Books interview with Andrew Roberts: “I’d like to put an end to the ‘Blackadder’ view of the First World War”

Andrew Roberts talks to Matt Elton about his book on the first day of the battle of the Somme, the infamous 1916 operation that resulted in the deaths of thousands of men

Soldiers following the battle of the Somme

This article was first published in the October 2015 issue of BBC History Magazine 

In Context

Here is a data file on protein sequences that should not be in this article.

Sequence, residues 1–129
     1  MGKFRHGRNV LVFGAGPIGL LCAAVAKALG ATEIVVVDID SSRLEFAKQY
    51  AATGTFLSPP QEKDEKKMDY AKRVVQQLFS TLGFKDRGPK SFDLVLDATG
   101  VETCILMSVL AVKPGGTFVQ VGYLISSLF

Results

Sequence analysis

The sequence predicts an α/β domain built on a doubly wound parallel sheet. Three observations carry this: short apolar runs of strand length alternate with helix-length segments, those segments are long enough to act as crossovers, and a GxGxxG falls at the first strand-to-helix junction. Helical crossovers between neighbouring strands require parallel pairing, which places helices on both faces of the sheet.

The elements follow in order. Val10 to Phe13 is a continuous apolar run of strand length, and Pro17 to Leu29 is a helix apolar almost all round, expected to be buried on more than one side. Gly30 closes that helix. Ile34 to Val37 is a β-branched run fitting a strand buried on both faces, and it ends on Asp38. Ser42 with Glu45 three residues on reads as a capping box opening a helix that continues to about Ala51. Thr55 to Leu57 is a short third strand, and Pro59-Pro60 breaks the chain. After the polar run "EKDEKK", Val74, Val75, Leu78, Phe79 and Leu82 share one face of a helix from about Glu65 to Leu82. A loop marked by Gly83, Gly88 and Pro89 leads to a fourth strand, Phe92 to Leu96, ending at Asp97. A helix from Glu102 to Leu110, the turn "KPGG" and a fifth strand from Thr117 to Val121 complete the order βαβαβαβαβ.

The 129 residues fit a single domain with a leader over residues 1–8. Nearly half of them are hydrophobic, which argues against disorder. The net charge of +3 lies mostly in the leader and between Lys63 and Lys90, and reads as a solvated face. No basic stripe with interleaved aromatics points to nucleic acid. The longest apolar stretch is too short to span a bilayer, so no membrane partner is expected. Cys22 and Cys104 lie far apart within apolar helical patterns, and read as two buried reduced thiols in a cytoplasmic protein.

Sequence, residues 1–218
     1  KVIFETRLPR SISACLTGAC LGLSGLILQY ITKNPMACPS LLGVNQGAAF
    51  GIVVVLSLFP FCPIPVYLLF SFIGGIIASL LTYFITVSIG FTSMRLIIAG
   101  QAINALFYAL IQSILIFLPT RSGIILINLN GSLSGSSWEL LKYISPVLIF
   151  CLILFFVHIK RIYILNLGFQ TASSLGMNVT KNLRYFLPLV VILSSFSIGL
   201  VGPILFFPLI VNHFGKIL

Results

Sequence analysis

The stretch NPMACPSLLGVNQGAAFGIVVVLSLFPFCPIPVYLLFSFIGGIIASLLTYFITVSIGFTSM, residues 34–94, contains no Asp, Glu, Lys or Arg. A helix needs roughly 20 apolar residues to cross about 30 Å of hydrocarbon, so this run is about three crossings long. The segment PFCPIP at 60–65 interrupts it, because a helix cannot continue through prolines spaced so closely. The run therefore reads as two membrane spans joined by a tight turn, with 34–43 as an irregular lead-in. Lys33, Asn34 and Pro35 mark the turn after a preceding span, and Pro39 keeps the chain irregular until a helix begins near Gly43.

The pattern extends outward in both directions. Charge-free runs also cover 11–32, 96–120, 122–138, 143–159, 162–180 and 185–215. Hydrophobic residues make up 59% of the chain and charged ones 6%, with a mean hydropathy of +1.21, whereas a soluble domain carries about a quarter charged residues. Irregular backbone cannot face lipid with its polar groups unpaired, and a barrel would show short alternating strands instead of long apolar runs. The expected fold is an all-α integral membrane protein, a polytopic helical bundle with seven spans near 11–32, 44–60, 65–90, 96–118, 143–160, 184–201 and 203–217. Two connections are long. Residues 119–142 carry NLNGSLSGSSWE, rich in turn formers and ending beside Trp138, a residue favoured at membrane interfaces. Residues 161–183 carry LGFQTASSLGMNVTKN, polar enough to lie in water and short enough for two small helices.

Starting on 1 July 1916, the battle of the Somme was a joint operation by French and British empire forces near the river of the same name in France. Military leaders were confident of the success of their plan – an aerial barrage followed by infantry advance into German trenches – but the battle was to become one of the bloodiest in history: on the first day alone around 20,000 Allied soldiers died, with tens of thousands more injured. By battle’s end in November, the Allies had gained only five miles. Much of the blame for this has since been pinned on British commander Douglas Haig.

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